Do you remember Governor Edwards’ famous fear-inspiring threat of the Fiscal Cliff that really wasn’t? The disaster he projected if we didn’t pass more than a billion dollars in new taxes, that he would end LSU football and throw grandmas out of their nursing homes?
Well that was a great case study in political hyperbole, but it raises an important point. There is a valid political maxim that only a fiscal disaster will clear the way for serious reform of government. After years of personal experience pursuing incremental reform, I am convinced that only when confronted with unavoidable consequences of crisis will a governor and legislators abandon their safety zone and implement major changes that would ultimately benefit all.
Recent history clearly supports this maxim. Before Katrina devastated New Orleans, the school system was perhaps the most corrupt and assuredly the worst performing in the nation. It was dominated by unions and a school board whose main goal was not education, it was to provide money for their members, legal or otherwise. After Katrina a group of dynamic civic leaders saw the opportunity and took advantage of the situation by getting the state to collapse the old system and then to create an all new structure, absent the corruption of the past. The results are very positive, but this never would have happened except for that natural disaster. Opportunity literally presented itself from tragedy and we are better off for it.
Sadly, we may soon enough see if this scenario plays out at a state scale, most likely triggered by national recession or natural disaster. After decades in business, public, and civic life I have never seen an organization such as our state so primed for just such a crisis. The elements of fiscal disaster are complicated so stick with me for a moment;
We have almost $20 billion in unfunded accrued liabilities in our pension system, a sum that, though we are constitutionally required to, we would never be able to absorb. A system whose current cash demands are literally eating up the resources that our state and local governments need to run effectively.
We have a greater than $12 billion backlog in infrastructure repair needs, and that does not count new infrastructure needs that could help our economy. But we have no funds to meet a Federal match should there be a Federal infrastructure allocation. Worse perhaps, we have reached our state’s capital outlay limit. In short, very little more money is available for large infrastructure projects, period. At the same time local and state subdivisions and other bodies have undertaken their own massive debt loads. Though these are not counted as state debt, there is no doubt that the state would have to fund them in case of default and so they are de facto state debt and would contribute to fiscal stress on our state.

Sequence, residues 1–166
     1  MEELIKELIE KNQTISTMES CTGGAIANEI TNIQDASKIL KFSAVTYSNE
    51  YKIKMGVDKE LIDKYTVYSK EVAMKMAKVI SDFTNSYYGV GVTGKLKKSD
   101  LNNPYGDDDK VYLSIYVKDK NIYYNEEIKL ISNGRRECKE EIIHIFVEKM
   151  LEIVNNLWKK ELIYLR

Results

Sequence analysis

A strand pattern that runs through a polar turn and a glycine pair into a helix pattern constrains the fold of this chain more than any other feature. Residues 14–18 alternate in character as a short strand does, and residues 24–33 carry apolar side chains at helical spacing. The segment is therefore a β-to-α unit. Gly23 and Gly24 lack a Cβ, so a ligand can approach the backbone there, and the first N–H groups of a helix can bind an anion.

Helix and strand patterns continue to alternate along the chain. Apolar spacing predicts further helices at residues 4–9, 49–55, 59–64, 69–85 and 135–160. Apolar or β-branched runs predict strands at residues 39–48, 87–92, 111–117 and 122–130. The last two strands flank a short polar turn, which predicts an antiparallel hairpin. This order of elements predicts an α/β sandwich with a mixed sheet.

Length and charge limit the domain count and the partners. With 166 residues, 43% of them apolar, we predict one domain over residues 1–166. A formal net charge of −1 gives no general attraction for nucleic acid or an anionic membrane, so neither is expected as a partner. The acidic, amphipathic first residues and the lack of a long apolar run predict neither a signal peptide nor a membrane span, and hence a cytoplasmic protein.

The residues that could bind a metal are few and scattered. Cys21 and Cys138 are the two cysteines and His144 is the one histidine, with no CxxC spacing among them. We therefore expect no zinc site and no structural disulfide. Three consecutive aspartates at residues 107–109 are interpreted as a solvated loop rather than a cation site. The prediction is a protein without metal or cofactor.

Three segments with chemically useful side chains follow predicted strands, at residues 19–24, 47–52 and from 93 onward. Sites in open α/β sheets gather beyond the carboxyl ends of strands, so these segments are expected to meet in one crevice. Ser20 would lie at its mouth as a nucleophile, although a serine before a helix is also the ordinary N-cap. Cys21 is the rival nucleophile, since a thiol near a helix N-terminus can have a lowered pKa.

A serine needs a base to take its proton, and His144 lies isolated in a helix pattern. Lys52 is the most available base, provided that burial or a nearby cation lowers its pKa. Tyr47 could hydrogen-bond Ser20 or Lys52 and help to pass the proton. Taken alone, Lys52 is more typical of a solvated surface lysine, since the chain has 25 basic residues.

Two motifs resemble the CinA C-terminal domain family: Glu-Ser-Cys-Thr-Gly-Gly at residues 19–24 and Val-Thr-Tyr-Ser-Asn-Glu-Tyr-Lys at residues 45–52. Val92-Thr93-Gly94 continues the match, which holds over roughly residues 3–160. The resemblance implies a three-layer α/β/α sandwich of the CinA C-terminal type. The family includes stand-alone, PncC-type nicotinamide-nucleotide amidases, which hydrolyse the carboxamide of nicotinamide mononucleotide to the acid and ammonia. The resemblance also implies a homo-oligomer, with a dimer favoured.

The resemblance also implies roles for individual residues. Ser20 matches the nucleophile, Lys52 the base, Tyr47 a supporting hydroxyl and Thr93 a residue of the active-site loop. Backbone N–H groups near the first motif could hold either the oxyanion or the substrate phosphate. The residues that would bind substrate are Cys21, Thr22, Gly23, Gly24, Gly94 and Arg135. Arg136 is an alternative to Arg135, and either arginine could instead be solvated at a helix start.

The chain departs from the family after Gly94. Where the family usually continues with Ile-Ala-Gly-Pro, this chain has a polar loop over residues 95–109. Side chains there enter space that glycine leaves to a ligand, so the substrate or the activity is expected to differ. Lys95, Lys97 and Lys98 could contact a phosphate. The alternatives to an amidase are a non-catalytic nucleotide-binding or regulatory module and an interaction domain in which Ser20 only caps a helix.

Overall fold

Moody’s Analytics has reviewed Louisiana’s fiscal health and determined that in the case of a moderate recession, one that is currently long overdue, we will need $2.5 billion to survive. In a severe recession that figure jumps to $3.5 billion. All we have saved is about $450 million and though we have had nearly $720 million in surplus the governor and legislature has spent all of it on things other than savings. How in a recession would our state find that extra $2 or $3 billion to meet the mandate of being balanced? Incredibly deep cuts just as Jindal had to make when the Katrina windfall dried up, that’s how.
Thanks to Governor Edwards’ profligate taxing spree we now have the highest taxes in our history. Further from Fiscal Office data we know that even without considering an economic downturn over the next couple of years, Medicaid alone is projected to grow by about $300 million per year of state taxpayer funds (much more in Federal funds). And speaking of Medicaid, in the case of a recession that $300 million will look like chicken feed, as perhaps hundreds of thousands of people enter the governor’s Medicaid Expansion. Because the governor failed to get a safety trigger from Obama so that in case of a recession Louisiana wouldn’t be financially devastated, we would be overwhelmed with added Medicaid cost.